Poltergeist Director: Gil Kenan
Screenwriter: David Lindsay-Abaire
Cast: Sam Rockwell, Rosemarie DeWitt, Jared Harris, Jane Adams, Saxon Sharbino, Kyle Catlett, Susan Heyward 20th Century Fox
Rated PG-13 | 93 Minutes
Release Date: May 22, 2015
Directed by Gil Kenan (Monster House), Poltergeist re-imagines the classic 1982 Tobe Hooper film about a family whose suburban home is haunted by evil spirits.
Sam Rockwell and Rosemarie DeWitt star as Eric and Amy Bowen, a married couple who moves into a new home with their children, Kendra (Saxon Sharbino), Griffin (Kyle Catlett), and Maddy (Kennedi Clements).
As always, it’s the kids who first notice that something is off about the creaky old house. Griffin finds little Maddy standing in front of her bedroom closet, having a conversation with an imaginary friend. Being the youngest and most susceptible, Maddy loves the house thanks to her new friends in the closet.
Griffin, meanwhile, is terrified at the thought of spending the night in his new bedroom, which is located in the attic. Like Robbie in the original film, Griffin is tormented by threatening trees and creepy clowns. His older sister, Kendra, and his parents are completely oblivious to the supernatural shenanigans going down in the neighborhood.
That is, until Maddy disappears. While mom and dad are at a dinner party, the gnarled tree outside Griffin’s bedroom window comes to life and snatches him up. The parents get back just in time to stop the demon tree from swallowing him up, but it’s too late for Maddy. Lured by her favorite stuffed animal, the little girl is sucked through a dimensional portal in her closet.
Enter Dr. Powell (Jane Adams), the head of the parapsychology department, who steps in and offers her unique skill-set to the Bowens. With her two assistants, Boyd (Nicholas Braun) and Sophie (Susan Heyward), Powell attempts to find the missing child using some high-tech ghost-hunting equipment.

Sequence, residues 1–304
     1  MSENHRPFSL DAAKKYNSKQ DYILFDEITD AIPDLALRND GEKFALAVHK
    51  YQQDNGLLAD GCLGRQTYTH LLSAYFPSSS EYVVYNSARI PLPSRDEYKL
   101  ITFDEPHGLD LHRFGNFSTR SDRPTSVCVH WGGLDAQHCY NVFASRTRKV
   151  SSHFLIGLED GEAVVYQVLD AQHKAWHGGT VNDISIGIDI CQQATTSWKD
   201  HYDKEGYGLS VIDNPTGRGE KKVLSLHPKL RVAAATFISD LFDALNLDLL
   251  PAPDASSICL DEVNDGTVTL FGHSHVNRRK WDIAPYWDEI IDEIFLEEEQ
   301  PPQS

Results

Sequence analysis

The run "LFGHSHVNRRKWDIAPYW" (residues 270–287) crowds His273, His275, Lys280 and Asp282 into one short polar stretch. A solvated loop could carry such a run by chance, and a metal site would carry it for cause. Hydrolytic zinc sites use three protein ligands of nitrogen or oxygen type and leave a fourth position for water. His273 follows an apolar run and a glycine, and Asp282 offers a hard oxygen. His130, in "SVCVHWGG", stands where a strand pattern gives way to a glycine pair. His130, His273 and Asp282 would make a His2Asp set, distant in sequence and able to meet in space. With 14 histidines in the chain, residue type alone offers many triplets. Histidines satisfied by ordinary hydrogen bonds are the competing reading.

Technology is a big component of Kenan’s film. According to executive producer Sam Raimi, one of the big arguments for remaking or rebooting Poltergeist is to make it more “accessible” to today’s audiences. Honestly, I’m not sure what’s inaccessible about the 1982 film, but apparently the only way today’s audiences can connect with a movie is if it’s filled with flat-screen HDTVs, smartphones, and drones.
Dr. Powell’s team arrives with all kinds of crazy gear: thermal cameras, EVP recorders, EMF meters, but it isn’t enough. This is an unusually aggressive haunting that can only be resolved with the help of a medium. Of course in the original film it’s the immortal Zelda Rubinstein as Tangina Barrons. Here, it’s Carrigan Burke (Jared Harris), the star of a reality TV show called “House Cleaners.” [insert groan]
What was once a classic line in the original film — “This house is clean” — has become a hashtag. Burke is a celebrity whose arrival at the Bowen house is met with skepticism by all but Kendra, who is a huge fan of the show. Burke, utilizing some rope and a smartphone strapped to a remote control drone, attempts to rescue Maddy from the other side, but the spirits aren’t ready to let her go.
As much as I wanted to dismiss this film as a blatant cash grab, Gil Kenan’s Poltergeist remake is surprisingly decent. It isn’t a crime against cinema like the remakes of Psycho, A Nightmare on Elm Street, or RoboCop – it at least tries. The thing is, no one needed to try to remake Poltergeist.
We’ve seen countless spirited successors to Hooper’s original, including recent hits like Insidious and The Conjuring. Whether it’s haunted dolls or creepy clowns, killer trees or floating furniture, the dark old house subgenre is a never-ending parade of “been there, done that.” Hell, the whole concept was already worn thin back in 2006 when Kenan directed a spirited send-up of the subgenre with Monster House.
And that’s the issue with this remake. While it doesn’t do anything so blasphemous as to offend purists, it doesn’t move the needle in terms of originality either. Horror fans have seen it all – in fact, that’s why horror has such a bloodthirsty following, because fans are always looking for something new – something that pushes boundaries and goes further into uncharted, potentially taboo territory.
There’s certainly nothing taboo about Kenan’s film – it’s a conventional haunted house flick with a great cast and updated special effects that more or less amounts to Poltergeist with iPhones. The house may be clean, but the foundation it’s built on is flooded with the remains of those who were there first.